The CEO of an $18 billion consulting firm says if 'you can see your future' at work, you may not be in the right career

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julie sweetAccenture

  • Julie Sweet left the No. 1 law firm in the US in 2010 to work for the consulting firm Accenture, eventually becoming its CEO of North America.
  • She said she had become complacent and wanted a new challenge and opportunity to learn.
  • "If you can see your future, then you probably are not challenging yourself enough," she told The New York Times.

Switching careers is a difficult decision at any stage of your career.

It's even harder when the job you're leaving is at the No. 1 law firm in America.

But that's exactly what Julie Sweet did in 2010 when she left the law firm Cravath, Swaine and Moore, where she was a partner, to become general counsel for Accenture, a global consulting firm worth $18 billion.

Sweet told The New York Times' David Gelles that after 17 years at Cravath - America's most prestigious law firm, according to Vault - she had started to feel complacent. One day, she said, she took a call from a recruiter who said she had a 'great opportunity.'"

"I always look back and wonder: Why did I take the call? Why did I take the meeting?" Sweet told The Times. "I had two small kids. I was very successful. I could see my future."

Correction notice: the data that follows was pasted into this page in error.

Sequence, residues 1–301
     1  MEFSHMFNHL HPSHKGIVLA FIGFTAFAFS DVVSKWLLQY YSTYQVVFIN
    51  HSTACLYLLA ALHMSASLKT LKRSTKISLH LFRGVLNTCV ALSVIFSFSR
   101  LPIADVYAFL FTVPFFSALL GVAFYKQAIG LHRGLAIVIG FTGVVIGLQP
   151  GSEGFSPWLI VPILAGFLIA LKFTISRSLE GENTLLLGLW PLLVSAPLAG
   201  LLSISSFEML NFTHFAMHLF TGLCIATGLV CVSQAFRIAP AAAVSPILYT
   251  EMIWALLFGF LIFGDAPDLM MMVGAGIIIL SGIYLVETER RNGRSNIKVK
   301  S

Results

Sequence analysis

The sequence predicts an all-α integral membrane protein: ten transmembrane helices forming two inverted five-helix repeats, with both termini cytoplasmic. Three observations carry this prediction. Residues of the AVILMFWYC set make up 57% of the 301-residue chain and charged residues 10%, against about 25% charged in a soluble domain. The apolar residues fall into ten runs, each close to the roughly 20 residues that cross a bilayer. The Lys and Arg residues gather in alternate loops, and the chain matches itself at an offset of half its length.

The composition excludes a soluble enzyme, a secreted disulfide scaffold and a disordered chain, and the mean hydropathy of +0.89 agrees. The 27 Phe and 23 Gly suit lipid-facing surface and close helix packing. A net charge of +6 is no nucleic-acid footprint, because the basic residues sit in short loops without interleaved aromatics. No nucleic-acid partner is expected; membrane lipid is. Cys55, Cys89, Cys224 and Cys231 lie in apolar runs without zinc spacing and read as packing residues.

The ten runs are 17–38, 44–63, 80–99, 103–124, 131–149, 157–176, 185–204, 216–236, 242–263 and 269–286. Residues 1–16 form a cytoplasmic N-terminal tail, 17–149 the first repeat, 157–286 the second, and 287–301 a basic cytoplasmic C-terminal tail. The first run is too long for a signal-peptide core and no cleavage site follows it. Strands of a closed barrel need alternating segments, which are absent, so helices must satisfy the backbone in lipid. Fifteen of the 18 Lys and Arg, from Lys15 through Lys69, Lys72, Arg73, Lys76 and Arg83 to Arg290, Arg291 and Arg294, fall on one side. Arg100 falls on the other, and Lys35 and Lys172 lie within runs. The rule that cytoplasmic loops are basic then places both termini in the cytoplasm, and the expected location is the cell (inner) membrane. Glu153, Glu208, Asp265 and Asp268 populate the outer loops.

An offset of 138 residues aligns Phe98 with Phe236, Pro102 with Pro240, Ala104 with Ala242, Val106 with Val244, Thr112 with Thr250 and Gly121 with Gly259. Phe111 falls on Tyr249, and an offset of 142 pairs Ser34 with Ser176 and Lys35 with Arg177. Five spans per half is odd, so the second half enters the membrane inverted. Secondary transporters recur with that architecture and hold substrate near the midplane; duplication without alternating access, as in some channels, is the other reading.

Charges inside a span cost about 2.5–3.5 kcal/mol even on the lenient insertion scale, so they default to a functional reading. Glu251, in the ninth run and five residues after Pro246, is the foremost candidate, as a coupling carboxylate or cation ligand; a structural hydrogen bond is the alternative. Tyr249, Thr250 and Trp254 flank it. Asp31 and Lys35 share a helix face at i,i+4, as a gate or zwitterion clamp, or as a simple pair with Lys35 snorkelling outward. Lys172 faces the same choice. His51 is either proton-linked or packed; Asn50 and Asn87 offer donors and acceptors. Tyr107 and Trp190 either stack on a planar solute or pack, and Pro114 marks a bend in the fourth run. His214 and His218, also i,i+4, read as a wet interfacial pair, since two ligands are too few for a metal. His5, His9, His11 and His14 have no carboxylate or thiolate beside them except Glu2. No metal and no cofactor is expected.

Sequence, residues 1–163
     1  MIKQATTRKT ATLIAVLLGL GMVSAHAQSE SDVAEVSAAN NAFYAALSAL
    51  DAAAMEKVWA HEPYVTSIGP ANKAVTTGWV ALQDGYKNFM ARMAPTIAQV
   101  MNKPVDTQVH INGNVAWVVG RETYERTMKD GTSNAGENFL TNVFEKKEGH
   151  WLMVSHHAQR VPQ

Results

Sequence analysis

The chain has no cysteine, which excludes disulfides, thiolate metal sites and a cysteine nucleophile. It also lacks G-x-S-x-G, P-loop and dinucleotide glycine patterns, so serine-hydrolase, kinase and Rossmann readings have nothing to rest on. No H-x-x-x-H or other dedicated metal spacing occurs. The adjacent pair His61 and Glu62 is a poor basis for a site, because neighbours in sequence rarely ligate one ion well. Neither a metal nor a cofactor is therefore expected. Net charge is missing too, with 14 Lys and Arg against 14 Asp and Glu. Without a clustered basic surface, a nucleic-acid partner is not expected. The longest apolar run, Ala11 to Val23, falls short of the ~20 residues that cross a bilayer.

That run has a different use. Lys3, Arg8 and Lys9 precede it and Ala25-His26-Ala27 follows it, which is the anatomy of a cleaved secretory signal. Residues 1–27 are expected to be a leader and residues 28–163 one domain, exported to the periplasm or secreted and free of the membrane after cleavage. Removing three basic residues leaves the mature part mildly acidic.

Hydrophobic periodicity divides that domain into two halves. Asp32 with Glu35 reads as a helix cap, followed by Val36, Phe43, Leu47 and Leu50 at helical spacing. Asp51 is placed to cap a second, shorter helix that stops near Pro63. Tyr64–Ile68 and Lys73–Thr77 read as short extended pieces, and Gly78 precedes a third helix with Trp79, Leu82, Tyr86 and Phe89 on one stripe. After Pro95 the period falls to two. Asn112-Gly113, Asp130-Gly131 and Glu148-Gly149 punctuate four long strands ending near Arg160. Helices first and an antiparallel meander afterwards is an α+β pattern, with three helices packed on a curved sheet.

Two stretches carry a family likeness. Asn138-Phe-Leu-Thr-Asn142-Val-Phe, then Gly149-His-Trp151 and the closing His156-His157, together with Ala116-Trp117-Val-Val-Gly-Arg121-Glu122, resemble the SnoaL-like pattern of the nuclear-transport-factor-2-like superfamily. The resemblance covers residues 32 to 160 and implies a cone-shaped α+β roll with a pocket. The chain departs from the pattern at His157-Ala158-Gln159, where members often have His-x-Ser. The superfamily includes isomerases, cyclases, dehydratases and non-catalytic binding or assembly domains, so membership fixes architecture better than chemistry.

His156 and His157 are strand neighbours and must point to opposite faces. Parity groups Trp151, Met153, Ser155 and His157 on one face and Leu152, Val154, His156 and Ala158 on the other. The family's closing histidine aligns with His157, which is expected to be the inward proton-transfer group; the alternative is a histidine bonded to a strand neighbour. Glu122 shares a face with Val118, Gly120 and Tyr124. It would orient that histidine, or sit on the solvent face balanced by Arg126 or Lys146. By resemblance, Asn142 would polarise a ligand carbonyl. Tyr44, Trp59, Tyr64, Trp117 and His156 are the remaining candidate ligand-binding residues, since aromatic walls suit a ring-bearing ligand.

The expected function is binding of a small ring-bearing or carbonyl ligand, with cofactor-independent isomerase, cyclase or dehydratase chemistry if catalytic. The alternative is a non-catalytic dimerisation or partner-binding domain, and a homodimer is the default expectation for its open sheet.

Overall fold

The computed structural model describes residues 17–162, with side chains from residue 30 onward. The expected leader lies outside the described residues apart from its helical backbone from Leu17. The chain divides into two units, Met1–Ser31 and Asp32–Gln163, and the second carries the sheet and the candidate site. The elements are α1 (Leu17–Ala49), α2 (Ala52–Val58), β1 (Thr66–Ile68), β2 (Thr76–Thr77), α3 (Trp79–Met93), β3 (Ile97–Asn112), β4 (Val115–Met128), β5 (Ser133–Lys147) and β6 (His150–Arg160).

She took the job, and within five years, she was the company's CEO of North America.

"It's about not wanting to be complacent, and wanting to continue to be challenged and learn," she told The Times. "It's this idea of if you can see your future, then you probably are not challenging yourself enough."

"I have this little plaque that my husband hung on our wall at home. It says, 'If your dreams don't scare you, they're not big enough.'"

Read more: Everyone wants to work at Google - but we found out how 15 ex-Googlers knew it was time to quit

Other experts have expressed similar sentiments. LinkedIn founder Reid Hoffman said last year that he left a job early in his career after he found himself "drinking a lot of coffee just to stay interested."

"I need to feel challenged, that I'm learning on the job every day," he said. "Otherwise, I tend to lose focus."

Meanwhile, Lynn Taylor, a leadership coach and author of "Tame Your Terrible Office Tyrant," told Business Insider in 2016 that "if you're no longer challenged in your position and have tried communicating with your boss to no avail, this may be a sign that it's time to leave."

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